# Algorithms Classification

An Algorithm is a procedure to solve a particular problem in a finite number of steps for a finite-sized input.

## Algorithms Classification #

The algorithms can be classified in various ways. They are:

• Implementation Method

• Design Method

• Design Approaches

### Classification by Implementation Method #

There are primarily three main categories into which an algorithm can be named in this type of classification. They are:

#### Recursion or Iteration #

• A recursive algorithm is an algorithm which calls itself again and again until a base condition is achieved whereas iterative algorithms use loops and/or data structures like stacks, queues to solve any problem.

• Every recursive solution can be implemented as an iterative solution and vice versa.

##### Example #

The Tower of Hanoi is implemented in a recursive fashion while Stock Span problem is implemented iteratively.

#### Exact or Approximate #

• Algorithms that are capable of finding an optimal solution for any problem are known as the exact algorithm.

• For all those problems, where it is not possible to find the most optimized solution, an approximation algorithm is used.

• Approximate algorithms are the type of algorithms that find the result as an average outcome of sub outcomes to a problem.

##### Example #

For NP-Hard Problems, approximation algorithms are used. Sorting algorithms are the exact algorithms.

#### Serial or Parallel or Distributed Algorithms #

• In serial algorithms, one instruction is executed at a time while parallel algorithms are those in which we divide the problem into subproblems and execute them on different processors.

• If parallel algorithms are distributed on different machines, then they are known as distributed algorithms.

### Classification by Design Method #

There are primarily three main categories into which an algorithm can be named in this type of classification. They are:

#### Greedy Method #

In the greedy method, at each step, a decision is made to choose the local optimum, without thinking about the future consequences.

##### Example #

Fractional Knapsack, Activity Selection.

#### Divide and Conquer #

The Divide and Conquer strategy involves dividing the problem into sub-problem, recursively solving them, and then recombining them for the final answer.

##### Example #

Merge sort, Quicksort.

#### Dynamic Programming #

• The approach of Dynamic programming is similar to divide and conquer.

• The difference is that whenever we have recursive function calls with the same result, instead of calling them again we try to store the result in a data structure in the form of a table and retrieve the results from the table.

• Thus, the overall time complexity is reduced.

• `Dynamic` means we dynamically decide, whether to call a function or retrieve values from the table.

##### Example #

0-1 Knapsack, subset-sum problem.

#### Linear Programming #

In Linear Programming, there are inequalities in terms of inputs and maximizing or minimizing some linear functions of inputs.

##### Example #

Maximum flow of Directed Graph

#### Reduction(Transform and Conquer) #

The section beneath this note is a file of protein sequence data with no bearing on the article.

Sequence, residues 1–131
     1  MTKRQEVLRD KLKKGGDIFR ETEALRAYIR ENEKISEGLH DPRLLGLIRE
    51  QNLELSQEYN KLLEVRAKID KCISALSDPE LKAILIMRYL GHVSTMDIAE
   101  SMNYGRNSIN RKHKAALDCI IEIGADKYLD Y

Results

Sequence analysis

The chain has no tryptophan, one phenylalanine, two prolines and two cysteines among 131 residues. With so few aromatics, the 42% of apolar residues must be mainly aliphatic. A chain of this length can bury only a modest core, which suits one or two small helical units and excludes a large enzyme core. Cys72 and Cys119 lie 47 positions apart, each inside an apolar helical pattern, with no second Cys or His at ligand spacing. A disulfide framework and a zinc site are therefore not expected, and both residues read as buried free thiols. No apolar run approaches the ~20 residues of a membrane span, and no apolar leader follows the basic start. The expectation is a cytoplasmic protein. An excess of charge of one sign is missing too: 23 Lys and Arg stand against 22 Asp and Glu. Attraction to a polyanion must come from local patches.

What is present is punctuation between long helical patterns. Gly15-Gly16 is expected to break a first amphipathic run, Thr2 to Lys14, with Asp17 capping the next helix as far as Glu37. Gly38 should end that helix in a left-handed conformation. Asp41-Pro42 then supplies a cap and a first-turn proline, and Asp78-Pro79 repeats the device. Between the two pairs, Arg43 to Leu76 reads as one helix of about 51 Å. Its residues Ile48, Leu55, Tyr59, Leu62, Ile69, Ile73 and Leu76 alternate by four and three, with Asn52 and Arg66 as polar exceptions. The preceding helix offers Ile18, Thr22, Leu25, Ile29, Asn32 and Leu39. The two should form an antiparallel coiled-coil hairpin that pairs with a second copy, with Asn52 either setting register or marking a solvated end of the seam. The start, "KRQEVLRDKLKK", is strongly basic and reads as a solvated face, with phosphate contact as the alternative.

• In this method, we solve a difficult problem by transforming it into a known problem for which we have an optimal solution.

• Basically, the goal is to find a reducing algorithm whose complexity is not dominated by the resulting reduced algorithms.

##### Example #

Selection algorithm for finding the median in a list involves first sorting the list and then finding out the middle element in the sorted list. These techniques are also called transform and conquer.

#### Backtracking #

• This technique is very useful in solving combinatorial problems that have a single unique solution.

• Where we have to find the correct combination of steps that lead to fulfillment of the task.

• Such problems have multiple stages and there are multiple options at each stage.

• This approach is based on exploring each available option at every stage one-by-one.

• While exploring an option if a point is reached that doesn’t seem to lead to the solution, the program control backtracks one step, and starts exploring the next option.

• In this way, the program explores all possible course of actions and finds the route that leads to the solution.

##### Example #

N-queen problem, maize problem.

#### Branch and Bound #

• This technique is very useful in solving combinatorial optimization problem that have multiple solutions and we are interested in find the most optimum solution.

• In this approach, the entire solution space is represented in the form of a state space tree.

• As the program progresses each state combination is explored, and the previous solution is replaced by new one if it is not the optimal than the current solution.

##### Example #

Job sequencing, Travelling salesman problem.

### Classification by Design Approaches #

There are two approaches for designing an algorithm. these approaches include

#### Top-Down Approach #

In the top-down approach, a large problem is divided into small sub-problem and keep repeating the process of decomposing problems until the complex problem is solved.

#### Bottom-up approach #

The bottom-up approach is also known as the reverse of top-down approaches. In approach different, part of a complex program is solved using a programming language and then this is combined into a complete program.